Chaos theory and theoretical modeling of Gut Microbiota.

Some old papers are just like the old pictures you get to find if you rummage in the garret during a rainy afternoon. Cluttered in a trunk just to be forgotten, they tell you about days gone by, but sometimes they can reveal facts you just couldn’t suspect. In the last decade, the research on the symbiotic interactions between mammals and bacteria made impressive steps forward. The so-called microbiota has been extensively studied, revealing his fundamental role in immunity, aging and several pathogenesis events. The last intriguing hypotesis links the composition of microbiota with autism, stating how can be crucial the role of microbes in our body.

For my very last exam, I had to study the composition of microbiota and his role in pathogenesis and immunity. We have been committed to choose a paper to make a small presentation. And as in the rainy afternoon in the old garret in front of a fucking trunk, I have found a picture from the past, a paper healing from the 90s, when no one had a clear idea on what those bacteria were doing around our body’s external surface. So, let me show you this old, but still very interesting picture.

The title immediately caught my attention:

Nonlinear dynamics, chaos-theory, and the” sciences of complexity”: their relevance to the study of the interaction between host and microflora

The article (PDF), dating 1997, is written by M.H.F. Wilkinson, a computer scientist from the University of Groningen, in Holland. After a concise and really clear explanation of non-linear dynamics, chaos theory and complex systems, the paper propose that gut and microbiota constitute a pseudo-chaotic complex system, thus showing a non-linear dynamic. With this assumption, a computer model of microflora has been built. The “organisms” are divided into aerobians and anaerobians and brought to compete for space and nutrients. IMHO, the result is quite striking. Several simulations of gut colonization confirm the interdependency between anaerobes and facultative anaerobes, but the most intriguing result is presented here:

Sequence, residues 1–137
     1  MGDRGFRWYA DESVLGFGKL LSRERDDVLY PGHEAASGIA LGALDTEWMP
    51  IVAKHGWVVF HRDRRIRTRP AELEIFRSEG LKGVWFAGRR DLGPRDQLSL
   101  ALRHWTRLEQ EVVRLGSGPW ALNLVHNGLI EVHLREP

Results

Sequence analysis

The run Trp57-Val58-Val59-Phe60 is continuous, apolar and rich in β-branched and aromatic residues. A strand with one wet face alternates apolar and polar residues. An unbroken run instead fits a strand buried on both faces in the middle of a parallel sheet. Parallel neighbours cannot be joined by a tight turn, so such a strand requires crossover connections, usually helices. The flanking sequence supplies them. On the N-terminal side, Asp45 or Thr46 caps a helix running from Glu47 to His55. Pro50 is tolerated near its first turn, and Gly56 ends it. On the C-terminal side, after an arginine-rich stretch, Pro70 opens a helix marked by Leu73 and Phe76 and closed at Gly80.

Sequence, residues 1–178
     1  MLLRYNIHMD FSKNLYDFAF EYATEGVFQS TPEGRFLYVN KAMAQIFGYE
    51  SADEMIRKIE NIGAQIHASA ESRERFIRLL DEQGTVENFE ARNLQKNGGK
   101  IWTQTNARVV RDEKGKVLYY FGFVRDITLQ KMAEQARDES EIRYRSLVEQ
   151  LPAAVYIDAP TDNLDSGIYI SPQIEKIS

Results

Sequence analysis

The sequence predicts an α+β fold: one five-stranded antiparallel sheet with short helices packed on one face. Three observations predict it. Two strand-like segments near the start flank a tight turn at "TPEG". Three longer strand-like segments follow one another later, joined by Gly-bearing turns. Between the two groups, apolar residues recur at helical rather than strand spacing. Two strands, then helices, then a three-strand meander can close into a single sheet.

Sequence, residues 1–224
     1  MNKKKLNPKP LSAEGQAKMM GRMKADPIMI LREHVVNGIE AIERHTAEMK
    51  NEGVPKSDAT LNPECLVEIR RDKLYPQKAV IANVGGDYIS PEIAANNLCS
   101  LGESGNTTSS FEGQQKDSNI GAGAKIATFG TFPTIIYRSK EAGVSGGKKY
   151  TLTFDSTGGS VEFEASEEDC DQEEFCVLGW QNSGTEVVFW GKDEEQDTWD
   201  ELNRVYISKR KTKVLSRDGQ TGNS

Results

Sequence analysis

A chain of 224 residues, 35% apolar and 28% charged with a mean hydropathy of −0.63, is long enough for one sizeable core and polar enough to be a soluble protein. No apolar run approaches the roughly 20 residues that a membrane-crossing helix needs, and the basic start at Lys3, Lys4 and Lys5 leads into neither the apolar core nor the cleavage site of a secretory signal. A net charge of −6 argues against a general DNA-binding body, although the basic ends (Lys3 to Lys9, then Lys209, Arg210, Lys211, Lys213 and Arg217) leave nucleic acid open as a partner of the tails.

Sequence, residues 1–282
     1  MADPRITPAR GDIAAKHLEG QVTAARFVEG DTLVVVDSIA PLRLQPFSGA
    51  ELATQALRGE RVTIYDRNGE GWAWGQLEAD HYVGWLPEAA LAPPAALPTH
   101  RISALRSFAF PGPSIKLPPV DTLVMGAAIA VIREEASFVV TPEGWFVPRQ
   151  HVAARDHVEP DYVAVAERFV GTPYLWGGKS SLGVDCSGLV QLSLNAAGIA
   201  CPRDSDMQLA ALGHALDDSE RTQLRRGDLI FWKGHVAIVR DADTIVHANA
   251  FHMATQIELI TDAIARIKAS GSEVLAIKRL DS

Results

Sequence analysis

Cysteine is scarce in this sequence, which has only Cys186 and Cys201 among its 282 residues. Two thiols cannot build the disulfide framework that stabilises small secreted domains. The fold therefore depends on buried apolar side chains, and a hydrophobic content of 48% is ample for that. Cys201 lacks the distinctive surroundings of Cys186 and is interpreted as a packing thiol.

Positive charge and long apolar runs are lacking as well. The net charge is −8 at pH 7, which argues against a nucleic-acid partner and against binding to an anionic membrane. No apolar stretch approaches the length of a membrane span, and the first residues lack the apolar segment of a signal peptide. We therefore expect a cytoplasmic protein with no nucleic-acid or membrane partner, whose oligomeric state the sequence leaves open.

If you check out the recently proposed dynamics for gut colonization of microbiota, from the birth till the very first weeks of life, you will find a very similar path. Facultative anaerobes, such as Firmicutes, take the stage as first to prepare the ground to strict anaerobes, such as Bacteroides, which overcome later to become the biggest population. Intriguingly, the theoretical modeling forecasted this years before the experimental approaches.

There is another important fact to highlight. This work gets the point when it remarks the semi-chaotic behavior of the system constituted by the intestine and the microbial community. As mentioned by the author, a semi-chaotic organization is really suitable for those systems who need a compromise between plasticity and stability, such as biological systems undergoing to evolutionary constraints.

An old picture, but still really interesting. A memory from a past in wich there were no mass sequencing, big data, proteomics and systems biology. To understand the complexity of biological systems, scholars made use of theoretical models developed in physics and math, such as chaos theory or fractal geometry. A theoretical modeling step that is quite often underestimated by genomic scientists and systems biologists, and wrongly forgotten in the post-genomic era.

Old pictures can be interesting.


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